Last Sunday’s edition of Le Parisien, a French daily newspaper with a circulation of over a quarter of a million copies, devoted a full page to the welfare scandals of Tokyo, and questioning whether enough will be done to protect horses and the sport from such damaging optics.

The editorial was prompted by a letter sent to the newspaper and signed by a number of horse welfare advocates from within the sector, and which is central to the online, sister version of the print article, which can be read here. It follows from the original expert report commissioned by the French Parliamentarian, Loic Dombreval, with 46 recommendations for welfare reform, which was forwarded to the Paris 2024 organising committee in 2022.

With help from ChatGPT, we offer a translation of the version of the article that is exclusive to the print version titled: Et si ces Jeux étaient ceux du bien-être des chevaux ?

Paris 2024. Image of an article in Le Parisien questioning horse welfare

The full page article on the topic of horse welfare at the Olympic Games appeared in Le Parisien on Sunday 11th February 2024

What if these Games were about the well-being of horses?

Prominent figures from the veterinary and equestrian sports world are calling on the organizing committee of the Olympics to address animal abuse.

By Emille Torgemen, Le Parisien, Sunday 11th February 2024.

One of the sequences that most marked the Tokyo Olympics: the German pentathlon rider in tears, hitting Saint Boy with her whip, a horse that refused to perform, followed by her coach punching the animal. During the same games, in the show jumping event, Kilkenny, a young gray gelding, was discharging blood from his nostrils, but he was allowed to finish the competition. Jet Set, a 14-year-old champion, had a bad fall during the cross-country event and was euthanased.

The last Olympiads gave a very bad image of equestrian sports. In an article we publish on our website, specialist veterinarians, riders, and animal welfare advocates are calling on the organizers of Paris 2024: “taking the welfare of horses seriously is essential.”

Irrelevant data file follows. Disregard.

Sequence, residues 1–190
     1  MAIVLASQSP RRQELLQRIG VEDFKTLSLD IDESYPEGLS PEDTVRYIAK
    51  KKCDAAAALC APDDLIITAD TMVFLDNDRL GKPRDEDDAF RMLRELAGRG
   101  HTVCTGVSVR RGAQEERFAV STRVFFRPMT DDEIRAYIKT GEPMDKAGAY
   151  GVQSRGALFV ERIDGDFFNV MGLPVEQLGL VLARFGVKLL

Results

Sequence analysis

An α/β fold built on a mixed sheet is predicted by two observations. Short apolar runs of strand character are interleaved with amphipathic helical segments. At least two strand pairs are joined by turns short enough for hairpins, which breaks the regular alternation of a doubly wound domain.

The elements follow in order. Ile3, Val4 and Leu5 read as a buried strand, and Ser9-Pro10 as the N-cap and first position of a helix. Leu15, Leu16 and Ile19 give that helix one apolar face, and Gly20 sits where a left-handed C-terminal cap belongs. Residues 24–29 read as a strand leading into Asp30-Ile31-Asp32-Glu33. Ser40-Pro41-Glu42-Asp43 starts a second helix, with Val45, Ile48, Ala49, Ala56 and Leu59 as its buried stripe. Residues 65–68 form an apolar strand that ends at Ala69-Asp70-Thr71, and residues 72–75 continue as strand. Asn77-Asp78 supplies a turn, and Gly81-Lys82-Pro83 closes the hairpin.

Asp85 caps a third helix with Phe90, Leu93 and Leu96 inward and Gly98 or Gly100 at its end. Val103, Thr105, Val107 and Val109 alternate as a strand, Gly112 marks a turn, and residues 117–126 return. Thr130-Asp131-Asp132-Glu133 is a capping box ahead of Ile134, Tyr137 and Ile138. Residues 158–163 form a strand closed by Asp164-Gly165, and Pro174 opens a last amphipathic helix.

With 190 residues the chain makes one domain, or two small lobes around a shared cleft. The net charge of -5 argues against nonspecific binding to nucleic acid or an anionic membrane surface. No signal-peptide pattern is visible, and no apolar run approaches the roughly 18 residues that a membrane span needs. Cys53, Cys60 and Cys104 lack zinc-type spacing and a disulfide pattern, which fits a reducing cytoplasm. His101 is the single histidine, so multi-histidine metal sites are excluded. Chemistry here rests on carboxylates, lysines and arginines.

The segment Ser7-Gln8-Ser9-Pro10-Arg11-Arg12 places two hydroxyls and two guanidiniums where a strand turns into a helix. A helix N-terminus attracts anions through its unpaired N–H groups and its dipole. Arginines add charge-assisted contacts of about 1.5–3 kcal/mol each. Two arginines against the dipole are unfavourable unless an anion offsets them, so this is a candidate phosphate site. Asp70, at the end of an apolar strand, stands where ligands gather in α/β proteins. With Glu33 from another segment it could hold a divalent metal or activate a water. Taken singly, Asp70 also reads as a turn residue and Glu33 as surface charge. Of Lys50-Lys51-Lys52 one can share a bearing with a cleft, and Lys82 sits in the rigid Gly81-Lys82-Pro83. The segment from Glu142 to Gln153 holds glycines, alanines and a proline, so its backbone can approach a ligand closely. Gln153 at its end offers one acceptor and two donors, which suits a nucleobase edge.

The plea comes from specialist veterinarians, scientists, as well as riders. Among the signatories is Patrick Gailloux, former French team member and rider of the prestigious Cadre Noir de Saumur, who insists: “I do it for the future of equestrian sports, otherwise they could simply disappear.”

Is equestrian sport really on borrowed time? For Loïc Dombreval, member of the French parliament (LREM) and veterinarian who led a parliamentary report on the subject, the risk is serious: “Some animal rights activists are calling for the complete ban of horses in sports and leisure activities.”

In the field, codes of conduct, charters, and pledges abound. But the signatories demand that on the spectacular site of Versailles, the Paris Olympics go further by imposing “binding measures.”

Ban hyperflexion

Among the most sensitive points is hyperflexion (rollkur, a swan-like neck position obtained through bit pressure). There are many [scientific] publications on the subject, points out the vice-president of the French equine association, Vincent Boureau. Hyperflexion causes pain, lesions to the neck vertebrae, and to the neck itself. But also to the mouth, “to the point where the horses’ tongues turn blue because the blood no longer circulates there.” The article calls for the prohibition of this posture “throughout the Olympic venues.”

Illustration by Le Parisien, adapted from Collectif pour les chevaux, the French advocacy group calling for a blanket ban on hyperflexion.

When questioned, the Olympic Games Organizing Committee (Cojo) recalls that it “has been prohibited for years by sports regulations in all equestrian competitions, including the Olympics.” True, the international equestrian federation banned hyperflexion in 2010. But the Cojo qualifies: “It is necessary to distinguish rollkur from intermediate forms of neck flexion, where the horse’s head can be lightly behind the vertical.” Except that according to the signatories of the article, this nuance is too much, even a few strides with the forehead behind the vertical are restricting and constitue abuse.

Cameras in the stalls

large part of animal welfare issues is invisible to outsiders’ eyes, and takes place behind the spectacular sporting scenes. This is one of the reasons why the article calls for video surveillance of the “entire” site, which will be made available to the “welfare committee,” a committee of about a dozen experts tasked by the Olympic organisers to monitor the four-legged athletes.

hen we talk about well-being, there is also the question of facilities: stalls, relaxation areas too. “Many areas for turnout, exercise, and grazing will be made available to the horses,” describes the Cojo

The end of horse riding in modern pentathlon

After Paris, modern pentathlon will lose its equestrian event. The discipline had been heavily criticized after the Saint Boy incident, especially regarding the rule that reduced the animal’s worth to that of a rifle, interchangeable. To put it simply, each athlete has twenty minutes to get to know their mount.

The end of the horse in this discipline could be seen as a victory for animal welfare… [the rest of the article is illegible in the image]